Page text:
We’re missing and appreciating the great outdoors more than ever, thanks to the pandemic. And with the growing appreciation for greenery, we’re also witnessing more and more people turn into plant parents. It’s an activity that is grounding, makes for the perfect hobby and attunes you to nature’s ways.
Adopting house plants or growing things from scratch is a great way to create greenery around you. It will also help you understand nature’s process and what it takes to flourish and thrive. It’s easy to do and is highly pleasurable to see your efforts come to life (literally!)Here are 3 things you can grow easily, anywhere in your home!
Herbs in Water
A lot of common herbs like Basil, Mint, Thyme, Rosemary, Tulsi and Sage can thrive in only water. All you need is glass jars or repurposed glass bottles that you can grow in, some water and sunlight.
Step 1: Do you get whiffs of fresh basil around your home? It’s time to ask for a cutting that you can use to grow your own. Getting cuttings from your friend or a neighbor, is the best way to start. Easy herbs to start with are mint, basil, oregano and thyme.
Step 2: Once you have the cuttings, retain the top 4 leaves of each stem and soak them in water. When you’re just starting out, you don’t need to keep more than 3-4 top leaves on your herb stem. In a week’s time, you’ll see small roots develop on the base of the stem - which means your stem has successfully taken off. Hooray!
Step 3: Store in water and change water every 3-4 days. The roots of these stems will continue to grow longer and stronger - and that’s a good thing. Make sure you’re constantly snipping off leaves and using these herbs in your salads, pastas or sauces to add fresh flavor. It’s like trimming hair - the more you trim, the healthier your new hair grows.
Money plant & Syngoniums
Some of the easiest plants to grow in your home, bed or bath are money plants and syngoniums. They are stunning and fairly low maintenance. These plants have strong and resilient aerial roots, that grow well and quickly in water. The best way to propagate these plants is to get cuttings of them.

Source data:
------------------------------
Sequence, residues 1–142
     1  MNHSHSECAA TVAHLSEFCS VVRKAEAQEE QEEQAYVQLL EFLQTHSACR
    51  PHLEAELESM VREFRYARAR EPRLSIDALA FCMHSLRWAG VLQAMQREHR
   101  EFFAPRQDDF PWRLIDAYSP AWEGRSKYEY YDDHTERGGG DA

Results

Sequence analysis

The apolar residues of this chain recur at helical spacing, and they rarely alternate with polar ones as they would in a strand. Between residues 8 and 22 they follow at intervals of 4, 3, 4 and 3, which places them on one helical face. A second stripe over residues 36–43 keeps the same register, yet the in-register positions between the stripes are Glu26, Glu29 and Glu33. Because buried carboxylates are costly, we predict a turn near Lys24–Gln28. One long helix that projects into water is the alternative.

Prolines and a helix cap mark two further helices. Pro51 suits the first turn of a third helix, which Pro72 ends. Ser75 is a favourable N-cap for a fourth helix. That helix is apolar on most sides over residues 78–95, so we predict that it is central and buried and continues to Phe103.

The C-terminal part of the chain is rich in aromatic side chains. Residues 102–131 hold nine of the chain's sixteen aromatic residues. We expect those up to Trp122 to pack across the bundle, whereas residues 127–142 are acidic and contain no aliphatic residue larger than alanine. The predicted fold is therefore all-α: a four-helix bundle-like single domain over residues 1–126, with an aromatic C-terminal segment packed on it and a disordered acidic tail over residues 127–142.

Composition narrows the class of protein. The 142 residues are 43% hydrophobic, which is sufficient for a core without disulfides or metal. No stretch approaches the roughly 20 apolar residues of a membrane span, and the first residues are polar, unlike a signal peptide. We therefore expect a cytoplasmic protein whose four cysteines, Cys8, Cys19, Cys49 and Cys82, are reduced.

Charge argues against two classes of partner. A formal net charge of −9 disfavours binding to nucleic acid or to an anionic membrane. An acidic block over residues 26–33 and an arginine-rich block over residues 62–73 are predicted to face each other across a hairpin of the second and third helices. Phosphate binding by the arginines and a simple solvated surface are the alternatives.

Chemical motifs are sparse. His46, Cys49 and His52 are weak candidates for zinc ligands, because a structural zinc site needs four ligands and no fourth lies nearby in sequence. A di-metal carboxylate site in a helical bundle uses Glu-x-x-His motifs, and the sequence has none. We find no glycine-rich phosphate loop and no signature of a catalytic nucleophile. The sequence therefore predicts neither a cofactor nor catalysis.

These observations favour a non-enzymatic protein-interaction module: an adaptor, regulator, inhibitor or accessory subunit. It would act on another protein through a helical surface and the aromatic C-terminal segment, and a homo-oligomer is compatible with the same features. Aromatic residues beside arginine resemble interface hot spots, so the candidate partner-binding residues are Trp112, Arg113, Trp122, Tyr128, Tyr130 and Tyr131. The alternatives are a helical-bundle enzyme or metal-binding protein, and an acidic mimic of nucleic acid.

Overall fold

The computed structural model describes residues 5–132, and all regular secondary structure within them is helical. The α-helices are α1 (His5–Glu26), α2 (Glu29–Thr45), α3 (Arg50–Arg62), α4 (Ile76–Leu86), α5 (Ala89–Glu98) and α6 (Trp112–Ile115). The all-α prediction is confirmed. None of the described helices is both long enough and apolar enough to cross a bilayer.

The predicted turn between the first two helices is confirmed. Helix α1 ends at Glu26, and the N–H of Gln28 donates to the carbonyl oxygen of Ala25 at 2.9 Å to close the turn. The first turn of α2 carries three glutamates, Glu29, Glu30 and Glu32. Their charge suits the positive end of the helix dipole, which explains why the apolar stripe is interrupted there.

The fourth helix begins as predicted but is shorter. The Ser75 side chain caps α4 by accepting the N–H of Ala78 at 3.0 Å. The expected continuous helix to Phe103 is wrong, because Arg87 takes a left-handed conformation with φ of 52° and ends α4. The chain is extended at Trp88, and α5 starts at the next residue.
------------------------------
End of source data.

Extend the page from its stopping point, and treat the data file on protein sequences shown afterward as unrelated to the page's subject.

Step 1: Take as long or short a cutting you want, about an inch from healthy aerial roots (the roots should be a part of the cutting you are taking). Money plants and syngoniums are common house plants. If you’re unable to find them, you can source them from your local nursery.
Step 2: Find an appropriate bottle or glass jar to give your cutting a new home. Upcycling pretty alcohol bottles has always worked well for me in the past. And they look great in the bathroom.
Step 3: Fill up your chosen glass bottle with water. Take your cuttings and submerse them in water - their roots should be soaked, but some will still be out in the air, and that’s okay. They’ll live.
Step 4: Top up water every week or so. While your plant is flourishing, it’s using up the water in the bottle, so top up your plants with fresh water. Make sure the water is at room temperature - to avoid shocking your plant with water that is too cold or hot.
Microgreens are extremely nutritious, super easy to grow and even look great as indoor greens. They are known for their speed of growing and the ease with which they take off.
Step 1: Collect seeds of grains and plants such as wheat grain, mustard seeds, spinach seeds, sunflower shoots. Prepare a shallow tray with a layer of well drained soil or coconut coir, that you can use to grow your microgreens in. Best to reuse take out plastic containers.
Step 2: Soak these seeds or grains overnight - it helps them sprout a bit and get ready for germination. Spread out the soaked seeds evenly on top of the containers layered with soil or coconut coir.
Step 3: Cover this layer of soaked seeds with a paper towel, and water your seeds over the paper towel. This should moisten the paper towel, seeds as well as the soil/coir.
Step 4: Wait for your microgreens to grow. They usually start to sprout on day 2, but can take up to 10 days to give you greens you can snip off and add to smoothies, salads or toasts. The microgreens will keep growing and you can keep snipping them off as and when you need them. Over time, they will become week and dwindle down. Simply start again when this happens.
Developing a green thumb is something you can do. It is so gratifying to be able to care for a plant and watching it flourish. Start with these 3 plants. Once you’ve grown these successfully, you’re ready to share knowledge with your friends and level up to growing food at home, with those new green thumbs you got there ;)
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